According to SlashGear, there are rumors that Apple is considering health-centric upgrades for the AirPods, with heart rate measurement being the most important. However, Apple also seems to want AirPods to save users from accidents, especially in areas such as busy roads or construction sites where spatial awareness is critical. In a series of patents filed with the U.S. Patent and Trademark Office (USPTO), Apple talks about a system that would automatically make audio level adjustments to ensure users don’t miss critical audio cues from their surroundings, such as an emergency siren or a car honking around a corner.
Apple’s patent for its AirPods technology talks about using data, such as a person’s travel speed and total distance, combined with location data and sensor readings on other devices, to pause music playback or lower volume levels. This would come in handy, especially in situations where an emergency alert or other important warning message is being played nearby.
Based on GPS data collected by the paired phone or Apple Watch, the AirPods-based system will determine the direction the user is moving and adjust the volume of the left or right earbud accordingly, allowing ambient audio cues to enter. The system may also play a set of alerts that have been entered into the iPhone or Apple Watch software, initiating action when the AirPods and connected devices detect some sort of motion data.
The patent states that the audio output of the AirPods may be paused or reduced in response to “scenarios that require the user’s attention, such as hazardous locations, work sites, and educational facilities. In addition to sports activities (walking around the block or riding a bike), the system can also be activated in emergency situations, such as flood alerts, accidents and weather alerts, among others.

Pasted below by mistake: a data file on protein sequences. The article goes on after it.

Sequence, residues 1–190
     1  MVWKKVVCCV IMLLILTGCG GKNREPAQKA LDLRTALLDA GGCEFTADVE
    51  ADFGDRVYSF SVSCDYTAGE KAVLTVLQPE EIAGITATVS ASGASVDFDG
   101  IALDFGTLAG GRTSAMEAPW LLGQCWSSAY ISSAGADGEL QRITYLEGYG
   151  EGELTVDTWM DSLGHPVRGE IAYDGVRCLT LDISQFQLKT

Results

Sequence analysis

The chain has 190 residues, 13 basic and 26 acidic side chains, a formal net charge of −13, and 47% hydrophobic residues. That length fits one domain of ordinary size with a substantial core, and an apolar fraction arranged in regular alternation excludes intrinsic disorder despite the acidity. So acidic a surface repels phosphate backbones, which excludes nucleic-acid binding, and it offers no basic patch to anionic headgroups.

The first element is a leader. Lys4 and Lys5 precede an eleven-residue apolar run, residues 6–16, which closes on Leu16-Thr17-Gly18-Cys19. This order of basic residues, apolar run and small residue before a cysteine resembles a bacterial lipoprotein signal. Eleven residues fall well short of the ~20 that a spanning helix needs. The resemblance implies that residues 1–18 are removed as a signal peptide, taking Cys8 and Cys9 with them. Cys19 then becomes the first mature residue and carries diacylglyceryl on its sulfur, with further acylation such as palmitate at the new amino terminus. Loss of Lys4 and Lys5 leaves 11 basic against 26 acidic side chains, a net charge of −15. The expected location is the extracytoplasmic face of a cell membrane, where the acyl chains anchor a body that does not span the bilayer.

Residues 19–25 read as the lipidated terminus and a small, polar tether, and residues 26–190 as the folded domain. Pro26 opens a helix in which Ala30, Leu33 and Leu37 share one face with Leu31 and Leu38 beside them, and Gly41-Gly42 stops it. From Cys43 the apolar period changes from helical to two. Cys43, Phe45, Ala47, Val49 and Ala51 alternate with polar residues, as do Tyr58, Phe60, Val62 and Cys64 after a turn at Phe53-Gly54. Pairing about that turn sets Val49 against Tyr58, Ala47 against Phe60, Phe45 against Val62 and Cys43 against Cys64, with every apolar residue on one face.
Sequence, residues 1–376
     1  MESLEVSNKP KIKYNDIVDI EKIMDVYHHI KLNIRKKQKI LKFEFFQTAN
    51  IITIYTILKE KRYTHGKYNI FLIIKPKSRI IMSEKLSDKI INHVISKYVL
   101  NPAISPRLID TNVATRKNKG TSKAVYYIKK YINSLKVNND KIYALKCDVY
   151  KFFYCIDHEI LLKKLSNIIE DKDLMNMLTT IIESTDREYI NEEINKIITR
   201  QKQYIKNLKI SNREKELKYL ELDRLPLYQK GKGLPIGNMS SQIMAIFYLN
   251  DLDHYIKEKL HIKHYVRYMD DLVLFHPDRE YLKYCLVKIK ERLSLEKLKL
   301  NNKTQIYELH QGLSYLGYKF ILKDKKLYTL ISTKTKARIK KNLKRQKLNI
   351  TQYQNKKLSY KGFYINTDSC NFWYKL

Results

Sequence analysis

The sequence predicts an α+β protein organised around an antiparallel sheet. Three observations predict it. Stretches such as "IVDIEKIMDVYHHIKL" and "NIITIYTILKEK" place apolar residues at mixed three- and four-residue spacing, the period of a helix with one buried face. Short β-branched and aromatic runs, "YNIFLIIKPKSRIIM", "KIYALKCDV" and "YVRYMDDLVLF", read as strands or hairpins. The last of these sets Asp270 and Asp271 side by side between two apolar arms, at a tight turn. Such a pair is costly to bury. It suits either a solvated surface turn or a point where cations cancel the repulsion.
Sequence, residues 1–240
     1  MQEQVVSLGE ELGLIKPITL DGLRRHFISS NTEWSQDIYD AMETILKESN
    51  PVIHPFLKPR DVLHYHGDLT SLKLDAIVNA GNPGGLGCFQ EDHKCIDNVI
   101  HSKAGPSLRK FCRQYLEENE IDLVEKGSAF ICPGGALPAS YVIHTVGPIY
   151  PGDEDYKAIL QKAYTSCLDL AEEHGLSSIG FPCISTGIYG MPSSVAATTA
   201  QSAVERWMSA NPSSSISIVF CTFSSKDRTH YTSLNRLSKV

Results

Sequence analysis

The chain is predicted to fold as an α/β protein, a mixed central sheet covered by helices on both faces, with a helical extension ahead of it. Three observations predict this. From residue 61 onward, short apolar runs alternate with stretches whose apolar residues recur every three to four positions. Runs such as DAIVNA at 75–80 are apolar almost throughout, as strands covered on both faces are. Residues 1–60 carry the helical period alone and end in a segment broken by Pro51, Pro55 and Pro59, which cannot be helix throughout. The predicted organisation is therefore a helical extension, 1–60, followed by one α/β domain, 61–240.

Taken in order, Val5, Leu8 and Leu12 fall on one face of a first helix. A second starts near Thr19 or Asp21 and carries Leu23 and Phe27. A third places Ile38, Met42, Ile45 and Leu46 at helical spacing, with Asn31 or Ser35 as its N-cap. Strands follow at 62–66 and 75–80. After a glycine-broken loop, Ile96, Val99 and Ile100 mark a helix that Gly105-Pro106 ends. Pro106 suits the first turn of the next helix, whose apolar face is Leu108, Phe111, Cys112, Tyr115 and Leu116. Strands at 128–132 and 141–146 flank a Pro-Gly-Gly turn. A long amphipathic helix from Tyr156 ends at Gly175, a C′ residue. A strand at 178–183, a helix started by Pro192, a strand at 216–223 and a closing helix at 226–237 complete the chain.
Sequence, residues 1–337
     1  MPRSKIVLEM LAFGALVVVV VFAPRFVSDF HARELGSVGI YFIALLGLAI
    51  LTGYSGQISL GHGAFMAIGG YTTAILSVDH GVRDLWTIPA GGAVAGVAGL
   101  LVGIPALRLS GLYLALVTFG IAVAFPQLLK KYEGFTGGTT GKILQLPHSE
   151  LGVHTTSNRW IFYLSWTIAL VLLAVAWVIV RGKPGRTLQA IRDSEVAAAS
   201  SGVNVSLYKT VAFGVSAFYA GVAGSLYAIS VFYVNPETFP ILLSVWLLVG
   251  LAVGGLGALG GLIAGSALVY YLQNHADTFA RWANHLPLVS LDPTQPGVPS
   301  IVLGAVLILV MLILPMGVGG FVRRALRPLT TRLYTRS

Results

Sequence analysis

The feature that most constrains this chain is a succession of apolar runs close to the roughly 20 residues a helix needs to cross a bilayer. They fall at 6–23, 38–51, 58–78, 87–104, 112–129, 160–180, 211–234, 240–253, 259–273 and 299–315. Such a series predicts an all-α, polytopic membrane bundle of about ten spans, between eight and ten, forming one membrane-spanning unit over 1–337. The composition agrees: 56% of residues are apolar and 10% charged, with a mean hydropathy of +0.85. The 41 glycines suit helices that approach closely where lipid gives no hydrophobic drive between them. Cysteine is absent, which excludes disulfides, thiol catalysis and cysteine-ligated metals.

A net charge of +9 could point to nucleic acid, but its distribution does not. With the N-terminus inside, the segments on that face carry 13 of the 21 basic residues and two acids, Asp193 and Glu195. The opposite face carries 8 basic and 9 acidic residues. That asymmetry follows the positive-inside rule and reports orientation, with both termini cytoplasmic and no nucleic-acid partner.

The patent also mentions a specialized sensor that will work in concert with data provided by other sensors installed within the iPhone or Apple Watch to monitor torso position and determine the correct course of action. As expected, the patent does not mention AirPods, but the term “wearable audio device” in Apple’s patent doesn’t leave much room for imagining other products. In addition to saving users from the dangers of proximity, the system could also have health benefits. For example, it could also announce details of body posture during exercise.
Another Apple patent suggests that the company is considering a body posture detection system for AirPods that would provide real-time feedback for conditions such as head tilt or torso extension, along with a rotary axis. But remember, these are patents after all, which means the idea may or may not make it to commercial devices in the near future, all depending on technical feasibility and cost allowances.